ATLANTA — Atlanta United manager Frank de Boer waded into one of the most contentious topics in sports, and in American society generally, when he called the idea of paying men’s and women’s soccer players “ridiculous.”
He made the comments to The Guardian, in an interview published on Tuesday.
The debate is often confused – soccer players earn their pay from a number of different sources, and the U.S. Women’s National Team, in a lawsuit, and their advocates have largely targeted their criticism at the U.S. Soccer Federation over the equal pay issue.
De Boer’s comments referenced the World Cup, which is operated by FIFA.
Nevertheless, they reopened clear divides on the subject, as reflected in the wide range of responses to his comments.
Many came from women frustrated at De Boer’s disregard.
“This is the exact mentality women face every single day,” one Twitter user, Jen O'Donnell, wrote to 11Alive. “What makes men so great?”
“I’m sad that we need a new coach now #fireatlunitedcoach,” wrote Stephanie Owens.
The counter to these sentiments were, in many instances, appeals to economics.
“He’s looking at it from a business standpoint and not an ‘equal rights’ standpoint,” Daniel White wrote on Facebook.
The business element can be difficult to parse. Members of the U.S. women’s and men’s teams both draw salaries from the U.S. Soccer Federation – Carlos Cordeiro, the president of the federation, has claimed the women in fact have gotten paid more.
A spokeswoman for the players in the lawsuit, Molly Levinson, has argued that pay figures released by the federation are deliberately misleading. She said that “for every game a man plays on the MNT, he makes a higher base salary payment than a woman on the WNT.”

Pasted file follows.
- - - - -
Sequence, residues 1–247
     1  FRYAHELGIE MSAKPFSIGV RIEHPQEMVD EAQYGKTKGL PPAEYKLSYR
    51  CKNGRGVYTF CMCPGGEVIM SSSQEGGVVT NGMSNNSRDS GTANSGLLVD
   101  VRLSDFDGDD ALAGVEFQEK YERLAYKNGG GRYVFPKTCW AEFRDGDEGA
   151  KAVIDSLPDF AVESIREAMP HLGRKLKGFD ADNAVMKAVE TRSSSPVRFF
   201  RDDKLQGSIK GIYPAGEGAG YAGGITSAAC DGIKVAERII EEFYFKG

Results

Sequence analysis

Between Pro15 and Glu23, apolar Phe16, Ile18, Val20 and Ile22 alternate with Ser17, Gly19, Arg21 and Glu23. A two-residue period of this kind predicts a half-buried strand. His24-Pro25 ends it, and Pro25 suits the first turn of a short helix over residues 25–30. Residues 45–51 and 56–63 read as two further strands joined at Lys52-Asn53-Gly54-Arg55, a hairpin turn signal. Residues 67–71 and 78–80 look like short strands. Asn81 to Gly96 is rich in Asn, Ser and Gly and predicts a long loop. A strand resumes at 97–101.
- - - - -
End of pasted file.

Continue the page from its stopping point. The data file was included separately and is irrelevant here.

One Twitter user, Sarah Ingman, wrote it’s the formula that needs to be equal.
“I believe that the base pay for the women should be the same. I do not know how the bonuses and profit sharing of proceeds work, but the women should get the same % as men,” she wrote. “If the total is the same, then so be it, but the formula should be the same.”
According to figures cited by 11Alive’s Cheryl Preheim, that total is not the same – it is in fact higher for the women.
Between 2016-2018, according to the figures, the women’s games generated $50.8 million in ticket sales revenue, about $1 million more than the men.
And this year’s Women’s World Cup final this year was seen by 22 percent more viewers, at least in the U.S., than the Men’s World Cup final was seen by last summer.
De Boer made clear his thoughts didn’t extend to the business world or other areas.
“I think if you have a manager position for a bank or something, you have to earn the same what the men did because it’s not physically, just only here [points to head],” he said.
The manager referenced the much larger global audience for men’s soccer, compared to women’s soccer, as one element justifying his views.
But another Facebook user pointed out how difficult this all is to resolve:
“The premise makes sense. Make more, we’ll pay you more,” Daniel White wrote. “Here’s the rub: it’s a vicious cycle. The only way to get more fan attention is to give women’s sports equal cover on tv, in the news, etc. That won’t get that because media outlets don’t see them as being profitable, because sponsors and advertisers won’t pay as much for women’s sports. Advertisers won’t pay more until interest goes up.”
“And on and on into eternity until something gives,” she added.